Running in the winter poses a specific set of challenges — cold temperatures, icy conditions and shorter days with more hours of darkness. When the temperature drops, a runner’s risk for injury goes up. But that doesn’t mean you have to stop running outside. Reduce your risk of getting hurt and increase your safety level with these best practices.

Protect yourself from drivers

Gone are those 7 p.m. summer runs in the bright evening sun. During winter, those of us who plan to squeeze in an outdoor run before or after work will most likely have to do it in the dark. This means low visibility for drivers and the very real concern of getting hit by a car. To stay safe on the road:

  • Run with a buddy. Not only will it help with motivation but there’s truth to the old adage about strength in numbers. Women especially should consider running with a friend or group as they are more likely than men to be attacked.
  • Wear lights and reflective clothing. This will help motorists spot you from a distance. If you’re running on the road, run facing the traffic. A headlamp will increase drivers’ ability to see you and also help you see what’s in front of you.
  • Ditch the earbuds. What you lack in tunes will be made up for in the ability to hear oncoming traffic.

Warm up and stay loose

The cold makes your muscles stiff, which can lead to injuries if you haven’t warmed up properly, says Amy Devaney, a physical therapist at Massachusetts General Hospital in Boston. Warm muscles are flexible muscles.

Before an outdoor run, warm up your muscles by:

  • Jogging in place
  • Jogging and lifting your knees up high
  • Doing jumping jacks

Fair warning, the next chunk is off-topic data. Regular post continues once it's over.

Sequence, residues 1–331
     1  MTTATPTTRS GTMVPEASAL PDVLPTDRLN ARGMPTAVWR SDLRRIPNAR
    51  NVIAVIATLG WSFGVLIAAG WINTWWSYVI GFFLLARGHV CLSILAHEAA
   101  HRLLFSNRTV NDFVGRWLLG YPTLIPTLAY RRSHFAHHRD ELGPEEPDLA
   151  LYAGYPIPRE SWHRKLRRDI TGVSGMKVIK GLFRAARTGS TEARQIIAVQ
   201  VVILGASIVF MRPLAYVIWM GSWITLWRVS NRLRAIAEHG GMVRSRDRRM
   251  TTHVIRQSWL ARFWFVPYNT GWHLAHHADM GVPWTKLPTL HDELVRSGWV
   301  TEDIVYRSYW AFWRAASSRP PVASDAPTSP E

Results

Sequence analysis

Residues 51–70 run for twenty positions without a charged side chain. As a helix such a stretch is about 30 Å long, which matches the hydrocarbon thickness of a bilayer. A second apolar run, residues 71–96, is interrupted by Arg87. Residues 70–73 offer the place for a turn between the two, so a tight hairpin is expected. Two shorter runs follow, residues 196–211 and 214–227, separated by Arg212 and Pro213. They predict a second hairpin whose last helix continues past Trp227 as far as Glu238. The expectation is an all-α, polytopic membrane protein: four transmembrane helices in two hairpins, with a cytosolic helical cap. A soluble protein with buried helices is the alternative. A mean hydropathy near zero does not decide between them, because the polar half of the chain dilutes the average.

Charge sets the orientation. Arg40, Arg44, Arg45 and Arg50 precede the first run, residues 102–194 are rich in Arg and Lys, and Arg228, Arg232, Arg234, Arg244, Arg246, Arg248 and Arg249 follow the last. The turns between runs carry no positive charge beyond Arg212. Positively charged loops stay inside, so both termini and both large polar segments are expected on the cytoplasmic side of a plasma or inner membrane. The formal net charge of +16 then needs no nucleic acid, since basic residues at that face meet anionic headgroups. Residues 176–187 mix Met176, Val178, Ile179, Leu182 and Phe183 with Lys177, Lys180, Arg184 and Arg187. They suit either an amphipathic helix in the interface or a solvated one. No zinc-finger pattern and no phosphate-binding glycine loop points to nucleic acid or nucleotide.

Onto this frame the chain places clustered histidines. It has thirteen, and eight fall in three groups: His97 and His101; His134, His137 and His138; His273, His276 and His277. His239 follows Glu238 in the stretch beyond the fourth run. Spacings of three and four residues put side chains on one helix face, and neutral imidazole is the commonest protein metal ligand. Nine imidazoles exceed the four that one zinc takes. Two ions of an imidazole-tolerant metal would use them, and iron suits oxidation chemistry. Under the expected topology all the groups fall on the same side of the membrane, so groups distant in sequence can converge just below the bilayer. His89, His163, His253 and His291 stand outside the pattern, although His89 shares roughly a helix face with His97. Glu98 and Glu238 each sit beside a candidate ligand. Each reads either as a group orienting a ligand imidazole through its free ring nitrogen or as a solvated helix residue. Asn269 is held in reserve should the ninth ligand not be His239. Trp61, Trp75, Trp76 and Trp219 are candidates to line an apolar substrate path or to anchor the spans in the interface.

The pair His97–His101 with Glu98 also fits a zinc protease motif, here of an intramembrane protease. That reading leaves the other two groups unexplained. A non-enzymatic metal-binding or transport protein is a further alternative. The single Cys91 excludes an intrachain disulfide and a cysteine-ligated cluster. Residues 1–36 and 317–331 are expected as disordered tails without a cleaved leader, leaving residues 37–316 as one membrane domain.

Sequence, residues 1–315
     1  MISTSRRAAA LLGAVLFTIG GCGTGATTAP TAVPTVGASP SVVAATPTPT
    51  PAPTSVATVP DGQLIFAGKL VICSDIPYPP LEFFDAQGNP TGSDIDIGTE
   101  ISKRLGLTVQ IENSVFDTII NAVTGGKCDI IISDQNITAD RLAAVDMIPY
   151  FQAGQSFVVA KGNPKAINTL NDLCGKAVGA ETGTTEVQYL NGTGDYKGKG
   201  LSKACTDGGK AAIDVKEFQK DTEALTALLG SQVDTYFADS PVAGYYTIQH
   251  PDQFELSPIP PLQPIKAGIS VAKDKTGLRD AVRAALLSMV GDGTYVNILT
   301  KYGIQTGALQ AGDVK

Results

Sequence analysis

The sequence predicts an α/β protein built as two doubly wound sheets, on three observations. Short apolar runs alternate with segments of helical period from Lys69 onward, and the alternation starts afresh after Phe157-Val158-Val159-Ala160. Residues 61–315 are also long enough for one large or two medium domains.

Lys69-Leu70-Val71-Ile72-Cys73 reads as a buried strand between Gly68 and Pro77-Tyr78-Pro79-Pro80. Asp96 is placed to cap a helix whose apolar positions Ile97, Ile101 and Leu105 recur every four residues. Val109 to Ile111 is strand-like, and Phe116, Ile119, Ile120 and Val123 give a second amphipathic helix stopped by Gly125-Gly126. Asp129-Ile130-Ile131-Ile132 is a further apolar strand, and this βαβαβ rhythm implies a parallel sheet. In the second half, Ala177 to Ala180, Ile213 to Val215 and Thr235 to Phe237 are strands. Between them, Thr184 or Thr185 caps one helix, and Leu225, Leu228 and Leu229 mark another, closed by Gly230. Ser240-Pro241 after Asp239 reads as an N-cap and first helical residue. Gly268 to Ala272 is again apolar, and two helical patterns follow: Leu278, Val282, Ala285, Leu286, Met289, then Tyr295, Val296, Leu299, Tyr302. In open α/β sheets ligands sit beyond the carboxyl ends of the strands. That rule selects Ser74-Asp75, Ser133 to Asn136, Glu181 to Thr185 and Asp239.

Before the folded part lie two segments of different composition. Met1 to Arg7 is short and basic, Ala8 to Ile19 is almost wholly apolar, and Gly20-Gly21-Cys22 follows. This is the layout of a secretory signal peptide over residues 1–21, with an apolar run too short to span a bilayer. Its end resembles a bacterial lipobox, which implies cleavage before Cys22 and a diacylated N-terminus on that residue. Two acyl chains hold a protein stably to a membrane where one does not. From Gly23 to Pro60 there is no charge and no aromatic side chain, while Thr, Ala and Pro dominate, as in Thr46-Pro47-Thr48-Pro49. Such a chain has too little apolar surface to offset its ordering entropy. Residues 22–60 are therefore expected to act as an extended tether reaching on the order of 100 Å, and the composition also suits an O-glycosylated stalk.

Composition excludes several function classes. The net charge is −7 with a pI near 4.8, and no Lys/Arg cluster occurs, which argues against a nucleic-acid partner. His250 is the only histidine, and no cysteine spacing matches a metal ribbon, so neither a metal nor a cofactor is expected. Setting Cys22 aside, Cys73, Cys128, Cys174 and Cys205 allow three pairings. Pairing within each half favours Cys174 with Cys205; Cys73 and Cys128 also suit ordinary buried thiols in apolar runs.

• Taking the stairs
  • Walking outside before you begin to run

Stay hydrated

When you don’t feel hot or sweaty, it’s easy to forget to drink enough water. Make sure you’re hydrating before, during and after a run. You’ve likely heard the advice about drinking 8 cups of water a day, but that’s largely unsupported by data. The Institute of Medicine suggests that men consume about 13 cups of liquid each day and women consume 9 cups. Runners should drink more on the days they run.

Get the right gear

When the temperature drops, it’s time to bundle up. Avoid cotton, which retains moisture (like sweat) and will make you feel colder. Always think in terms of layers and dress for weather that’s about 10 degrees warmer than it is because once you start moving, you’ll heat up.

Suggestions for proper gear:

  • Moisture-wicking base layers will lift the sweat away from your body and dry quickly. Look for words like nylon, Lycra, elastane, and acrylic. Athleta, Lululemon and Under Armour offer stylish layering options that work well together.
  • Breathable middle layers like cotton, polyester or a blend of both
  • Water repellent and wind resistant outer layers
  • Slip-on cleats such as Stabilicers give you traction on ice and snow so you can avoid a nasty fall. They wrap around your shoe and have metal coils on the bottom. Look for them at stores like LLBean, REI, EMS and Dick's Sporting Goods.
  • A hat and mittens to prevent heat from escaping through your extremities

Stay motivated

Exercising consistently is one key to avoid injury. But how to stay motivated in winter?

Brogan Graham, co-creator of the nationwide free fitness movement November Project, routinely motivates hordes of runners to rise, shine and work out with him at 6:30 a.m. outside, year-round. With chapters in more than 15 cities across North America — including Boston, New York, Chicago, Milwaukee and Minneapolis — Graham is no stranger to a wind chill. “Even when the weather is miserable, we embrace it. It’s a badge of honor,” he says.

How to keep the workouts going:

  • Create a community. When you have someone relying on you to be there, you’re more likely to go.
  • Invest in high quality gear. It will inspire you to use it. “You feel like you have on an extra layer of armor,” Graham says.
  • Think about the rewards. Remind yourself how great it will feel to get that workout behind you. “I’ve never regretted any workout,” Graham says.

Nicole Cammorata is a Brooklyn-based writer, editor and content strategist.